The Fire Hydrant Gets a Makeover + This Is Why You Should Care
Categories: Tech

The Fire Hydrant Gets a Makeover + This Is Why You Should Care

Fire hydrants aren’t something we usually think of until we get a ticket for parking next to one. But retired NYC firefighter George Sigelakis has spent a lot of time thinking about them. He’s been working on revolutionizing the century-old design for about 20 years at his company Sigelock Systems. They’re now the proud makers of the Sigelock Spartan Hydrant, which is the world’s first sustainable, fully secure fire hydrant.

If you’re of the mindset “if it ain’t broken, don’t fix it,” well… it actually is broken. Fire hydrants are made from cast iron. Over time, cracks and leaks start to become a problem. In a 2013 report from Newark, New Jersey, the city found that one in seven fire hydrants do not work. In fact, on a hot July day in 2012, a fire broke out in an abandoned building; firefighters arrived within minutes to fight the blaze, yet there was a crucial element missing — water. It took two hours, claimed five lives and destroyed a family residence before the water issue could be resolved.

Another problem is that fire hydrants are easy to open. And on a hot day, it’s a tempting way to cool off, using up precious water resources. Sigelock Systems tackles both of these problems head on.

Dubbed as “a maintenance-free hydrant,” the cast iron technology from before has been fortified with a mixture of stainless steel, ductile iron and a powder coating that’s powerful enough to resist rust and corrosion from even the toughest environments. The Sigelock is also nearly impenetrable. Its nozzles, outlets and operating nuts are completely encapsulated with a tamper resistant lock. To prevent unlawful water usage and unauthorized access, the revolutionized fire hydrant requires a special tool to open it.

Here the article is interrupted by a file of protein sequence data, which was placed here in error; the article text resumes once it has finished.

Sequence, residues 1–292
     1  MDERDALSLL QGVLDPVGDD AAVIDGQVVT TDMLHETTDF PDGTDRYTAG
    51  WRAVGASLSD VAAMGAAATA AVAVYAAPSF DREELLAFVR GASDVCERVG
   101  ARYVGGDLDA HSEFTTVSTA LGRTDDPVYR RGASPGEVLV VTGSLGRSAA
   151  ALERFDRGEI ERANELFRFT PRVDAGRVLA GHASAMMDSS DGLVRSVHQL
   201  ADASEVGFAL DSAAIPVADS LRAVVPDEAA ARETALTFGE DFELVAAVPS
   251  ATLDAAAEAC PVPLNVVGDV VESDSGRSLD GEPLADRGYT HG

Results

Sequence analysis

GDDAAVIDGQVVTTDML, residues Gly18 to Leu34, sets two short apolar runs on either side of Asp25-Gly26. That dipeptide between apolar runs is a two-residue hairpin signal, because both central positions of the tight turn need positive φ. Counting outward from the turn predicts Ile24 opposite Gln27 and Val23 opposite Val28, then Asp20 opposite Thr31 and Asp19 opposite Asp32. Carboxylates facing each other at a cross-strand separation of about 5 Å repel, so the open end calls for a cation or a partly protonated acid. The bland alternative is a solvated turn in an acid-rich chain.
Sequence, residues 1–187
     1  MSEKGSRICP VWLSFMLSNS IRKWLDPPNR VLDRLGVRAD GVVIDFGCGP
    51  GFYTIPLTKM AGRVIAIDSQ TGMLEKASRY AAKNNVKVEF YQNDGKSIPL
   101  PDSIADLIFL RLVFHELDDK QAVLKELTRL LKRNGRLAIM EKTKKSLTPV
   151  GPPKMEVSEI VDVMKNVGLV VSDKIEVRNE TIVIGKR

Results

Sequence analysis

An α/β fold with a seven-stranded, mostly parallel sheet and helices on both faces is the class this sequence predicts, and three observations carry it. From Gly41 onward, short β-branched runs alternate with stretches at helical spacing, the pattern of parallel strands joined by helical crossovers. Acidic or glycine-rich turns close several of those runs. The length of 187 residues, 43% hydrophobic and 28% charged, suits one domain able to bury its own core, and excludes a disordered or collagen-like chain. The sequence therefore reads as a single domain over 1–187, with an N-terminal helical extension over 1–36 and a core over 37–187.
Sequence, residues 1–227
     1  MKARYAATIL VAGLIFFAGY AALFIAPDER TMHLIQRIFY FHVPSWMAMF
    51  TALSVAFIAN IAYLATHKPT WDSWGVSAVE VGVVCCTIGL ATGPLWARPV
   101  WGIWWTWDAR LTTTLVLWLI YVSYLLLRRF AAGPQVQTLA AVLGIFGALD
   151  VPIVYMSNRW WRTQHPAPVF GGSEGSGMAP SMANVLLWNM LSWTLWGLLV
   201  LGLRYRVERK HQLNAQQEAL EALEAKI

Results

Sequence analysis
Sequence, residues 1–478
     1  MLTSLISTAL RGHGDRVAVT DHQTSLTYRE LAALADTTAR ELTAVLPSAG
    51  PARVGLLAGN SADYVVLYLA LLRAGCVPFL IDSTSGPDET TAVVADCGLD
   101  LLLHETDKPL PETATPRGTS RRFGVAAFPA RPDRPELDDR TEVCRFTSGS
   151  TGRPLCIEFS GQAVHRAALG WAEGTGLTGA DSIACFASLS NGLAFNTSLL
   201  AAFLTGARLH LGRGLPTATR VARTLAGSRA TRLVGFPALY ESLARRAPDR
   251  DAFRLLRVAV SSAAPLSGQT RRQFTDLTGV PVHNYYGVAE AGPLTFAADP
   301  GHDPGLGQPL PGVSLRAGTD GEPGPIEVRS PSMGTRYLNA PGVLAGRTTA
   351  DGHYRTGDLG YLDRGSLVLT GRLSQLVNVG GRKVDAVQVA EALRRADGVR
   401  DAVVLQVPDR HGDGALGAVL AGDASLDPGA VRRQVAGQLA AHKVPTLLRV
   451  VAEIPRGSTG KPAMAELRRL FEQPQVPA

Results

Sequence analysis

So does the Sigelock hydrant do its job? Only time may tell. Sigelakis stands by his design but notes, “Rome wasn’t built in a day. It was built brick by brick, pebble by pebble.” Sigelakis is slowly paving the way for the Sigelock hydrant, as he travels across the country sharing his invention in hopes of convincing communities to plant the first “pebble.” Since 2010, there have been 150 Sigelock hydrants installed throughout small communities in 11 different states. So far, not a single one has required maintenance.

Would you introduce the Sigelock Systems fire hydrant to your community? Share your thoughts below

(h/t: Fast Company)